This work investigates the performance of combined hybrid high concen- trated photovoltaic/thermalcollector (HCPV/T) in Kuwait harsh climate. The proposed system consists of triple junction solar cells (InGaP/InGaAs/Ge) attached to heat source to discharge thermal energy to cooling media. Pub- lished HCPV/T models do not consider the effect of shunt resistance which greatly affects the system performance. So, a single diode model employing five parameters including the effect of shunt resistance is adapted to analyze the proposed system. To analyze the thermal performance of the proposed system, a two-dimensional thermal model based on the technique of finite difference is introduced to determine the efficiency of the hybrid HCPV/T system. The present developed subroutines are integrated with other involved codes in TRNSYS software to calculate HCPV/T system efficiency. Electrical and thermal as well as the whole system efficiency at different weather cir- cumstances are evaluated and assessed. The effect of different weather condi- tions, cell temperature, concentration ratio and the temperatures of the coo- lant fluid on system performance are studied. Current results indicate that the model of single diode is a reliable one rather than using the two-diode com- plex model. Compared to measurements provided by high concentrated PV manufacturer, the current results revealed a total root mean square error of approximately 1.94%. Present predictions show that PV cell temperature has logarithmic increase with the rise in concentration ratio but with low values till concentration ratio of 400 suns after that the rise is faster at higher con- centration values up to 1500 suns. Results also revealed that hybrid HCPV/T system works effectively specially in severe hot climate where thermal effi- ciency increases with high surrounding temperature for higher values of con- centration ratio. In addition, an increase of approximately 15% in thermal ef- How to cite this paper: Kandil, K.M.,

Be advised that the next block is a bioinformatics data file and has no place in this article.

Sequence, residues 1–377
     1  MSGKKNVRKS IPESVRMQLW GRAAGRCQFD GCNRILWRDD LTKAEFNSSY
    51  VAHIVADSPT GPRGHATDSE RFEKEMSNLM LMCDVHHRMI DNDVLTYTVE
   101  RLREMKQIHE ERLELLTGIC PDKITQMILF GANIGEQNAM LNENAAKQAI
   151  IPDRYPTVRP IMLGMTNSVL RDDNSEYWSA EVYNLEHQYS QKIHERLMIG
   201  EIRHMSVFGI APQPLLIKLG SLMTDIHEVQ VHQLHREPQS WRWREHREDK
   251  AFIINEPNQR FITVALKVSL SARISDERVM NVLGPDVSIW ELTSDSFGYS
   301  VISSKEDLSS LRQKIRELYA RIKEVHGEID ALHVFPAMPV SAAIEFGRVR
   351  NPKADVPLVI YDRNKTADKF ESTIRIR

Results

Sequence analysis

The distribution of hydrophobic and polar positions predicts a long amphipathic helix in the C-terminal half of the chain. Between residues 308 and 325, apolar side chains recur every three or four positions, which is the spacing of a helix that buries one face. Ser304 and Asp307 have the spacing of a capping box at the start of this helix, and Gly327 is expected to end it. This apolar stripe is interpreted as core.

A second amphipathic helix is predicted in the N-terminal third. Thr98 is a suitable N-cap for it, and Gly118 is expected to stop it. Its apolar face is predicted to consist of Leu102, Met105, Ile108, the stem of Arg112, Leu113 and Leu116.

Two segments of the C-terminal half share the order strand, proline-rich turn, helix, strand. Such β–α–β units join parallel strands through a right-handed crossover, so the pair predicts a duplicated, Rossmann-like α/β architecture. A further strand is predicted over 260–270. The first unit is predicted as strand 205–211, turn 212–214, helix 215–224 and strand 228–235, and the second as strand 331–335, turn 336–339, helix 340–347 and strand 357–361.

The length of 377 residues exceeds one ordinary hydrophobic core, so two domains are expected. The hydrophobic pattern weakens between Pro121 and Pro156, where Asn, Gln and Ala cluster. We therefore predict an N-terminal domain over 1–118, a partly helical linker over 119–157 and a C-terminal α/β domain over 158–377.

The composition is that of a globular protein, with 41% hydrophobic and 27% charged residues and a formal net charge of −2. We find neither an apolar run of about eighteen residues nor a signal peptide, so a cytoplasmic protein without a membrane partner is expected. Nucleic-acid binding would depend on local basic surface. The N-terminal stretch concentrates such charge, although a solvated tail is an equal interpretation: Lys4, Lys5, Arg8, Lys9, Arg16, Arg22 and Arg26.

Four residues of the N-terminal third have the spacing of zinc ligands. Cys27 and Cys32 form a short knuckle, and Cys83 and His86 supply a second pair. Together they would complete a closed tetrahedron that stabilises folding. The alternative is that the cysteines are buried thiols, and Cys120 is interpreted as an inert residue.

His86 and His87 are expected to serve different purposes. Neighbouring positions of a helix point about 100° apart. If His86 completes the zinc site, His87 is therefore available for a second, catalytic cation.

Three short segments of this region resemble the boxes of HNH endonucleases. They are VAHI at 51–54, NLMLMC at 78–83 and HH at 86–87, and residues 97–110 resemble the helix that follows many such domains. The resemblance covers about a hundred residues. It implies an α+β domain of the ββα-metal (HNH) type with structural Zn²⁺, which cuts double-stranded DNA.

The main objective of this study was to use the augmented intuitive logics theory to cope with the current environmental uncertainty that the solar thermalcollector market in Germany is experiencing. Through this confirmatory-exploratory research it was found, regarding the literature reviewed and data employed, that the two critical forces which slow the adoption of solar thermal collectors in Germany are the awareness/knowledge of the end-consumer towards the technology (consumer interest) and the final price (cost) of the technology. On the other hand, subsidies, as expected, don’t have an influence on the adoption of solar thermal collectors. The reasoning may be because of the findings of Jager (2006) and Huang et al. (2019) that either consumers are not aware of the incentives or that other technologies have better promotion.
A hybrid solar collector was designed to investigate the effects of combining two different solar collector techniques on the overall collector’s effectiveness. While most solar collectors focus only on one solar collection method, the small hybrid system uses a flat plate collector in conjunction with five eva- cuated tubes to absorb the most energy possible from both direct and diffuse solar radiation. Data was collected over four months while the system oper- ated at different flow rates and with various levels of available insolation from the sun to evaluate the performance of the solar collector. To understand the relative contribution of the flat plate collector and the evacuated tubes, tem- perature differences across each part of the system were measured. The re- sults indicate the average first law efficiency of the hybrid system is 43.3%, significantly higher than the performance of the flat plate alone. An exergy analysis was performed for this system to assess the performance of the flat plate system by itself. Results of the second law analysis were comparable to the exergetic efficiencies of other experimental collectors, around 4%. Though the efficiencies were in the expected range, they reveal that further improve- ments to the system are possible.